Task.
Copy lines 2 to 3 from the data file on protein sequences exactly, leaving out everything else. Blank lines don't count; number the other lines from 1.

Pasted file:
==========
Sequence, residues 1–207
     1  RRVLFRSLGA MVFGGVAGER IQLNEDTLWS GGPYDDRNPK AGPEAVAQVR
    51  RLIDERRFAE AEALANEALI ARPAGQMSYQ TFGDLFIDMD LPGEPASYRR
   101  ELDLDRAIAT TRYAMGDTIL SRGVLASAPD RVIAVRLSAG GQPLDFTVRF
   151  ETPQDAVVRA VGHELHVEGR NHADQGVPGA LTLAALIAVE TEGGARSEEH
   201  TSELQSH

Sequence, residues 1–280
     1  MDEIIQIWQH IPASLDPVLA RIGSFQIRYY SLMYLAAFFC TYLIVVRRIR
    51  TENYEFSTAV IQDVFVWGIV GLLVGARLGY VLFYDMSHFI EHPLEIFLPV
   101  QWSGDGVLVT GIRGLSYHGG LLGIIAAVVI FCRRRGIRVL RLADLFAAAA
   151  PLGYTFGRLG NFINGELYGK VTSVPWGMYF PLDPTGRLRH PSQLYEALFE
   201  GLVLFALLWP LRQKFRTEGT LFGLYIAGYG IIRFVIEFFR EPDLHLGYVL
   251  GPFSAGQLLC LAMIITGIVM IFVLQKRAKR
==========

     1  RRVLFRSLGA MVFGGVAGER IQLNEDTLWS GGPYDDRNPK AGPEAVAQVR
    51  RLIDERRFAE AEALANEALI ARPAGQMSYQ TFGDLFIDMD LPGEPASYRR